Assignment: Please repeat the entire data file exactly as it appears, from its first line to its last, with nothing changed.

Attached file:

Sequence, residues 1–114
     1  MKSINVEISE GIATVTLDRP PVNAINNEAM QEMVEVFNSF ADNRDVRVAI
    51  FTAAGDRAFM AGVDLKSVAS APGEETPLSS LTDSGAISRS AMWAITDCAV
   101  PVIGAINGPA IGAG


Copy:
Sequence, residues 1–114
     1  MKSINVEISE GIATVTLDRP PVNAINNEAM QEMVEVFNSF ADNRDVRVAI
    51  FTAAGDRAFM AGVDLKSVAS APGEETPLSS LTDSGAISRS AMWAITDCAV
   101  PVIGAINGPA IGAG